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CMAJ. 2016 April 19; 188(7): 527.
PMCID: PMC4835283

Buckle fractures of the distal radius in children

Maxim Ben-Yakov, MDCM and Kathy Boutis, MD MSc

Buckle fractures of the distal radius are common in children between 2 and 12 years of age

Buckle (torus) fractures occur when the bony cortex is compressed and bulges, without extension of the fracture into the cortex (Figure 1). This type of fracture occurs in about 1 in 25 children and represents 50% of pediatric fractures of the wrist.1 Cosmetic or functional consequences have not been reported in association with buckle fractures.2

Figure 1:
A buckle fracture of the distal radius in a six-year-old child. Arrows point to buckling of the cortex.

Treatment with a removable splint is just as effective as a short arm cast

Evidence from randomized controlled trials shows that children with this type of injury who are given a removable splint have better physical function, less difficulty with daily activities and a strong parental preference for the splint compared with children given a short arm cast.3 In Canada, 60% of emergency physicians currently treat buckle fractures of the distal radius with a removable splint.4

Splint use and return to play should be guided primarily by pain

Immobilization with a splint is used as needed to reduce pain and to protect against re-injury. Most children use the splint regularly for two to three weeks.4 Activities that could lead to re-injury should be avoided until the child has been free of symptoms for two weeks. Typically, most children resume full activities within four to six weeks.4

Follow-up with an orthopedic surgeon is not routinely necessary

Observational studies support the follow-up of this injury with a primary care physician.4 If clear instructions about splint use and the return to activities are provided at discharge in the emergency department, no physician follow-up is an option.5 An orthopedic surgeon should be consulted if the child’s condition is not improving over time or the child has not fully recovered by six weeks.4

Radiographs should be scrutinized for other diagnoses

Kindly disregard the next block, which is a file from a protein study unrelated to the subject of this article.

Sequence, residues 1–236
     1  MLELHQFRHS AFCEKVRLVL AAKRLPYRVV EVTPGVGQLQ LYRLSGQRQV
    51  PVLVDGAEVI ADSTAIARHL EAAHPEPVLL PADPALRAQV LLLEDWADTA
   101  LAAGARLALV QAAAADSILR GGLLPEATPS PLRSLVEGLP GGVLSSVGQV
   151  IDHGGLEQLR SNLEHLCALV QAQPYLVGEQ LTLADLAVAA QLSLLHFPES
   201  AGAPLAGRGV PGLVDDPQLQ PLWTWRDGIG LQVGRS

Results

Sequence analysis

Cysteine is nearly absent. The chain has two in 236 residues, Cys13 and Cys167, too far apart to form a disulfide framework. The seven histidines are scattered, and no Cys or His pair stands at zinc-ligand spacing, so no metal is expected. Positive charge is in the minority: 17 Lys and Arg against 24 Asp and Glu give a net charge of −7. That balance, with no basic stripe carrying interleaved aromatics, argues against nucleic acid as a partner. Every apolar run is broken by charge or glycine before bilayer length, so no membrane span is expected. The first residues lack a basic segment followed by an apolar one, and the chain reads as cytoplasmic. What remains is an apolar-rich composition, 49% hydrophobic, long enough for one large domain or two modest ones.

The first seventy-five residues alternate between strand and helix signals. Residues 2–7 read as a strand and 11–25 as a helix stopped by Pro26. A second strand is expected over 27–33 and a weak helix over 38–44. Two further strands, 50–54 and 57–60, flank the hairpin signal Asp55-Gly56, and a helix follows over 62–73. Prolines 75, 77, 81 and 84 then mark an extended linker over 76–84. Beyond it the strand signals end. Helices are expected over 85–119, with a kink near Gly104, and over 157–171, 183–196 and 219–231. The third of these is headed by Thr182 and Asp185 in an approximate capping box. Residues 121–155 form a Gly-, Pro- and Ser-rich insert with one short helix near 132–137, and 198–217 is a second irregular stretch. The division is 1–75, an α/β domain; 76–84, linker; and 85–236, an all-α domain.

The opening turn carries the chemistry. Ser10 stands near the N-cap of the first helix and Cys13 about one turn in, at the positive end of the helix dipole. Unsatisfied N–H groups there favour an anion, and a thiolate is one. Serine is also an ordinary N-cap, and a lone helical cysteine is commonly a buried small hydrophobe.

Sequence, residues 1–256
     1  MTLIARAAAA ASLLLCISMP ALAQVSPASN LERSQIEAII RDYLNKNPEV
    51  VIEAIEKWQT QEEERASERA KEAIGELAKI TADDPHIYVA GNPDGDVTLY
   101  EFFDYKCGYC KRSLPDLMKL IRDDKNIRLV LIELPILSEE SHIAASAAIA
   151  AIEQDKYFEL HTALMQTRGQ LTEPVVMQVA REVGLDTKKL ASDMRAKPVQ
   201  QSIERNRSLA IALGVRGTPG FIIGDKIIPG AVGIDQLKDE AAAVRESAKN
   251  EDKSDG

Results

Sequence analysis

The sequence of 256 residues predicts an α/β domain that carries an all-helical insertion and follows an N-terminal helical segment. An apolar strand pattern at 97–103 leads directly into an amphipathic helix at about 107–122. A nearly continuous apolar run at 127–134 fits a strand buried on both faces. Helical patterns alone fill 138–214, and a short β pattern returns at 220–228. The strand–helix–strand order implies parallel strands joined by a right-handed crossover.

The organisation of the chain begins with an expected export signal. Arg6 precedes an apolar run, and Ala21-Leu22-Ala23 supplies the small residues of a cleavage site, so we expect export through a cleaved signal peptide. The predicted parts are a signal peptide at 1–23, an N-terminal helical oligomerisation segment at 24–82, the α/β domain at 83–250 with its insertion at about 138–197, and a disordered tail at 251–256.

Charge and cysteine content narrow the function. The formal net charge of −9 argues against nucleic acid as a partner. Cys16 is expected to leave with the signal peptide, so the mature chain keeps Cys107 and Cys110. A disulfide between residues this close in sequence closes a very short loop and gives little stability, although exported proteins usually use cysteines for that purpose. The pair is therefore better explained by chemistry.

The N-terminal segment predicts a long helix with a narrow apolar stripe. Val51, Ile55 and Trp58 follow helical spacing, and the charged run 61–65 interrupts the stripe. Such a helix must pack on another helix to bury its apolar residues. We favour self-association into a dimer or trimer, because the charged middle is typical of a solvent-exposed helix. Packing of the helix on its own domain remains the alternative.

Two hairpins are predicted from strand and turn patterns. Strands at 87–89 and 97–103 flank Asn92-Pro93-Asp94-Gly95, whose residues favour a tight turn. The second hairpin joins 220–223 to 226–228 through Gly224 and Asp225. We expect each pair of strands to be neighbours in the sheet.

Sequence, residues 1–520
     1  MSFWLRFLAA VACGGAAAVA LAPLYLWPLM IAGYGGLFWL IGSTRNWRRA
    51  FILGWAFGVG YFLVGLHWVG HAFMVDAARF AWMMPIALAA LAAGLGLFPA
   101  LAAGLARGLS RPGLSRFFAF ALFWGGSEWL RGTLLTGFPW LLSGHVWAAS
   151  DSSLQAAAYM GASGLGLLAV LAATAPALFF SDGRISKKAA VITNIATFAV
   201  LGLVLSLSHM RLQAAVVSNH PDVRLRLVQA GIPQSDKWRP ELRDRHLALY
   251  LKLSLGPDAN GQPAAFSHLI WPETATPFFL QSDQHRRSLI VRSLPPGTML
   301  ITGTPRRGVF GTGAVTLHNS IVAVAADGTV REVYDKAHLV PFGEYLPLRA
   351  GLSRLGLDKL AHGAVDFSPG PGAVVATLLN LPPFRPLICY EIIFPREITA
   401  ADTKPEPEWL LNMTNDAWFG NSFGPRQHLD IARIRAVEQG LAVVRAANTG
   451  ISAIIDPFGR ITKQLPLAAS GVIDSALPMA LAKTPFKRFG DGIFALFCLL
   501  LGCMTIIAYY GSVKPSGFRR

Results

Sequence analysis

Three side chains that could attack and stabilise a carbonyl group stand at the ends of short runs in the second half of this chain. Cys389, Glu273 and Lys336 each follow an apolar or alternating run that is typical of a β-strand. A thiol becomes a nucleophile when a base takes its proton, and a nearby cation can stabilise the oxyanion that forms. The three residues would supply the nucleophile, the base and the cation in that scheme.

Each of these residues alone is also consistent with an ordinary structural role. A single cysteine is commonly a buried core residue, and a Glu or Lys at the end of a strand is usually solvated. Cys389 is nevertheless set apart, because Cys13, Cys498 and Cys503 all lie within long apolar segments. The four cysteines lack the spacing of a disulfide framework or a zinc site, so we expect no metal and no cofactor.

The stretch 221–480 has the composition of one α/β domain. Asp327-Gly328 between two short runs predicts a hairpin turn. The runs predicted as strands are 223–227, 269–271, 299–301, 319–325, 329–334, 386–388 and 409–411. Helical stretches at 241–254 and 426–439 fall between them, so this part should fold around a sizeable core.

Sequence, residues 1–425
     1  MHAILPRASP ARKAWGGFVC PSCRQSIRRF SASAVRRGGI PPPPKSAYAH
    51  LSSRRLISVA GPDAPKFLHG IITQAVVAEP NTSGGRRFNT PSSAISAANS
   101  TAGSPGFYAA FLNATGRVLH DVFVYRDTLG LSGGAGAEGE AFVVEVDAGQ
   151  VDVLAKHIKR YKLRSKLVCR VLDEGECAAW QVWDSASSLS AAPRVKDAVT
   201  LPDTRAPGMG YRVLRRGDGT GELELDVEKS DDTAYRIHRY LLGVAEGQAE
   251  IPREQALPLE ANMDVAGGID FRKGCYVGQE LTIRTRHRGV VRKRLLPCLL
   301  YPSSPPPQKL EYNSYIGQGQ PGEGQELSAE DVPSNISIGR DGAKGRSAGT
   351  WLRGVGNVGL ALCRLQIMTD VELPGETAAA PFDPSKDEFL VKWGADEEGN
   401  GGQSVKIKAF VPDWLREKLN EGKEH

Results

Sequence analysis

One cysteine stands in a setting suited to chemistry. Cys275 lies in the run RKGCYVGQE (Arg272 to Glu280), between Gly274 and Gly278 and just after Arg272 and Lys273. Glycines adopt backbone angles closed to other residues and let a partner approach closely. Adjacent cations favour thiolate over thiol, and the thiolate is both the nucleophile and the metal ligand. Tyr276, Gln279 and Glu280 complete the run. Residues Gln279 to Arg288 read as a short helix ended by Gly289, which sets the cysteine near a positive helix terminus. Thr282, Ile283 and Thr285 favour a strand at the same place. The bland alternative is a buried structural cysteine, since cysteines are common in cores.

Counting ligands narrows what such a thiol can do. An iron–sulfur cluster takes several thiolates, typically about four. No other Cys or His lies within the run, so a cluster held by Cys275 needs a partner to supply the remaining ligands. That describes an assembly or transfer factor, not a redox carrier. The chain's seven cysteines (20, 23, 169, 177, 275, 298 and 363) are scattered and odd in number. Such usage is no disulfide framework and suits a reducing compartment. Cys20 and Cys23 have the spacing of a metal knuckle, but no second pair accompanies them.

Minimally displaced greenstick and Salter–Harris II fractures of the distal radius (see examples in Appendix 1, at www.cmaj.ca/lookup/suppl/doi:10.1503/cmaj.151239/-/DC1) may be mistaken for buckle fractures. These injuries require urgent outpatient orthopedic consultation within one week.2

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Supplementary Material

Online Appendix:

Footnotes

Competing interests: None declared.

This article has been peer reviewed.

References

1. Naranje SM, Erali RA, Warner WC, Jr, et al. Epidemiology of pediatric fractures presenting to emergency departments in the United States. J Pediatr Orthop 2015. July 14 [Epub ahead of print]. [PubMed]
2. Wilkins KE. Principles of fracture remodeling in children. Injury 2005;36:A3–11. [PubMed]
3. Plint AC, Perry JJ, Correll R, et al. A randomized, controlled trial of removable splinting versus casting for wrist buckle fractures in children. Pediatrics 2006;117:691–7. [PubMed]
4. Koelink E, Schuh S, Howard A, et al. Primary care physician follow-up of distal radius buckle fractures. Pediatrics 2016;137:1–9. [PubMed]
5. Symons S, Rowsell M, Bhowal B, et al. Hospital versus home management of children with buckle fractures of the distal radius: a prospective, randomised trial. J Bone Joint Surg Br 2001;83:556–60. [PubMed]

Articles from CMAJ : Canadian Medical Association Journal are provided here courtesy of Canadian Medical Association